Yemen's main environmental problems have long been scarcity of water, soil erosion, and desertification. Water pollution is a problem due to contaminates from the oil industry, untreated sewage, and salinization The nation has 4.1 cubic kilometers of renewable water resources with 92% used for farming activity and 1% for industrial purposes.
Natural forests in mountainous areas have been destroyed by agricultural clearing and livestock overgrazing. The National Environmental Council, established in 1976, disseminates information on conservation. In response to the nation's environmental needs, the government of Yemen has created laws governing the use of the country's water supply. Law Number 42 (1991) protects water and marine life.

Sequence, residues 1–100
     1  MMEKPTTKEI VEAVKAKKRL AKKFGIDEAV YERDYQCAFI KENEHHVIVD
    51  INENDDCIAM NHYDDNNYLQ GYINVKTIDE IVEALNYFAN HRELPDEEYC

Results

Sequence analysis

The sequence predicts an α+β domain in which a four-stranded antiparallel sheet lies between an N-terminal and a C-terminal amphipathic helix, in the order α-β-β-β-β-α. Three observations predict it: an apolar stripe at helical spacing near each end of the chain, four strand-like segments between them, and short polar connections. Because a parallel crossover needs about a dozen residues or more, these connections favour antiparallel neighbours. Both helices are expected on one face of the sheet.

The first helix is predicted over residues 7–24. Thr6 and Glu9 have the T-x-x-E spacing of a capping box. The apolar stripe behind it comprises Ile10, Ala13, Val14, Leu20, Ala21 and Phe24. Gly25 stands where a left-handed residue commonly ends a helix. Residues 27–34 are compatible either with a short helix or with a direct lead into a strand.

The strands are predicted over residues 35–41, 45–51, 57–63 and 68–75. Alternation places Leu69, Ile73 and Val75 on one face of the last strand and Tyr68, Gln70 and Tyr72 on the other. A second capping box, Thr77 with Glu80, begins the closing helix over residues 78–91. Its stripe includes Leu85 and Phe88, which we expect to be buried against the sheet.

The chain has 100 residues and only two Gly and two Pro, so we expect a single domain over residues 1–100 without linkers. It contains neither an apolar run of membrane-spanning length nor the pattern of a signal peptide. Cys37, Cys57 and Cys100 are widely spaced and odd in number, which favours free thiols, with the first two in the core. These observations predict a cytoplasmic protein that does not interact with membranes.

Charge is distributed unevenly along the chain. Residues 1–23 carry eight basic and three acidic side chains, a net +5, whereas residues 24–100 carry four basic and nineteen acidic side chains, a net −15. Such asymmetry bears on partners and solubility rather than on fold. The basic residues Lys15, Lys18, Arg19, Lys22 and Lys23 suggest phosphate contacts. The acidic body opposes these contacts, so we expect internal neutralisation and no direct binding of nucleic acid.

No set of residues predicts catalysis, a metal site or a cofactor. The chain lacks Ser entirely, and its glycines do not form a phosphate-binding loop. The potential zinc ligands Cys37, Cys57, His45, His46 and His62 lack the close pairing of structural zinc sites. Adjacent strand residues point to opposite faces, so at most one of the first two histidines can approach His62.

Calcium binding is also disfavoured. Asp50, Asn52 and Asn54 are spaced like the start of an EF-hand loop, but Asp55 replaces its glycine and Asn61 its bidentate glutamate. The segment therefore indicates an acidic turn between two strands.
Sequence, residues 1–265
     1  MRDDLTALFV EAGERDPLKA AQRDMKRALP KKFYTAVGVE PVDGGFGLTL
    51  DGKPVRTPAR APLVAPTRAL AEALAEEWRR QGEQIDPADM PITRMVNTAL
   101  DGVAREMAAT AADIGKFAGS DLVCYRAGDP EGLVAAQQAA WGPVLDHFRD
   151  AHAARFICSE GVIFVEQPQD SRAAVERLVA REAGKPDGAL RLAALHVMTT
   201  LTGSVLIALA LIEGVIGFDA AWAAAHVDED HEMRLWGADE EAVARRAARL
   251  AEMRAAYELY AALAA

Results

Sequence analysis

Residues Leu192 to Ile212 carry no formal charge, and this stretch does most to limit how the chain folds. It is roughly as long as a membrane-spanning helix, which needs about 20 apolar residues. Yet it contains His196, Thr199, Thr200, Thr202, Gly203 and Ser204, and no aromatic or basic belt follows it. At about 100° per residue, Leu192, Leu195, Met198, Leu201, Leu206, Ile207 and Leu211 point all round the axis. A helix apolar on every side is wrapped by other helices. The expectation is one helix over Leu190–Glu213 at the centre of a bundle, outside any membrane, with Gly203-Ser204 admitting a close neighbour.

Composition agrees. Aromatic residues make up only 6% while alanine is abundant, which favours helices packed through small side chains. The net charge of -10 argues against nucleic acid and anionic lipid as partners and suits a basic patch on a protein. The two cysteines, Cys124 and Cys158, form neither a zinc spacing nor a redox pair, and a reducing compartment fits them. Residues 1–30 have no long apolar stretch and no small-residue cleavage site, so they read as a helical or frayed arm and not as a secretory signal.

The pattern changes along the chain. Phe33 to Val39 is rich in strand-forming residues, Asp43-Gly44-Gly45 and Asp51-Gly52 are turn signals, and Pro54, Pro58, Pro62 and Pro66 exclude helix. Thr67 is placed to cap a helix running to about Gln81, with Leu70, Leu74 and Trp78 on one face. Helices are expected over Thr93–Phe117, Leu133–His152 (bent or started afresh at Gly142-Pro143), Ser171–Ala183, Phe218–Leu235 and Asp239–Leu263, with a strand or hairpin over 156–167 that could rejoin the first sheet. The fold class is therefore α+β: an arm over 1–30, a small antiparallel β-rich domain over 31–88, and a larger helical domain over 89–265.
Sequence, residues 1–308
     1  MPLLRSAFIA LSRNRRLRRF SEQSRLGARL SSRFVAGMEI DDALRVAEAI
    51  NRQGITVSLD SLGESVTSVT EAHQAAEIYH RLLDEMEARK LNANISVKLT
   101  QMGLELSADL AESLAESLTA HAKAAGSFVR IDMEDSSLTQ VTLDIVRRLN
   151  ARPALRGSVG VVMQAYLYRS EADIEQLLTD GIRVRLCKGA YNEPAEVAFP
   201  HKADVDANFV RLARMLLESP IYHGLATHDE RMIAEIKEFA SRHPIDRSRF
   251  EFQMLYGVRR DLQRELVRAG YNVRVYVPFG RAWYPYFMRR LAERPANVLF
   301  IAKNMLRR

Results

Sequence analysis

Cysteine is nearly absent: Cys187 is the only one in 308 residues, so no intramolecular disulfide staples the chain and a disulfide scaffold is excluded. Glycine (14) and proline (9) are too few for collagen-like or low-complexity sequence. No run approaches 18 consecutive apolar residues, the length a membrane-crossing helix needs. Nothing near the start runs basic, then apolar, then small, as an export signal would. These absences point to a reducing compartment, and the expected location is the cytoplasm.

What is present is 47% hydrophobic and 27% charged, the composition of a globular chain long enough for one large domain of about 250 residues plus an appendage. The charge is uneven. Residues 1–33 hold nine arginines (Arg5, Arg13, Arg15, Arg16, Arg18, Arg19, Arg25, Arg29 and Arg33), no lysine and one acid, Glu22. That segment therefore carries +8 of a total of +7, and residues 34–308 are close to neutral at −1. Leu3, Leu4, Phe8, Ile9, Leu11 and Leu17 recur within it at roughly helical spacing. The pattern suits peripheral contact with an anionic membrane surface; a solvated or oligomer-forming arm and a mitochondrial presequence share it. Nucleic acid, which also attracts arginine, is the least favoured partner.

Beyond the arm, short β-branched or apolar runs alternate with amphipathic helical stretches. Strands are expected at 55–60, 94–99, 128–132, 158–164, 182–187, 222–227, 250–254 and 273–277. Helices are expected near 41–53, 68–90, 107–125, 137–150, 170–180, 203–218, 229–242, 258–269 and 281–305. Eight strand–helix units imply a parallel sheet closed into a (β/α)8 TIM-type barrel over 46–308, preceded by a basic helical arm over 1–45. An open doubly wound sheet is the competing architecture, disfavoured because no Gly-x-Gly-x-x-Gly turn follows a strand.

As of 2001, 5 mammal species and 13 bird species are listed as threatened. Endangered species include the northern bald ibis, the South Arabian leopard, slender-billed curlew, and two species of turtle (green sea and hawksbill). Queen of Sheba's gazelle and the Sa'udi Gazelle have become extinct in the wild.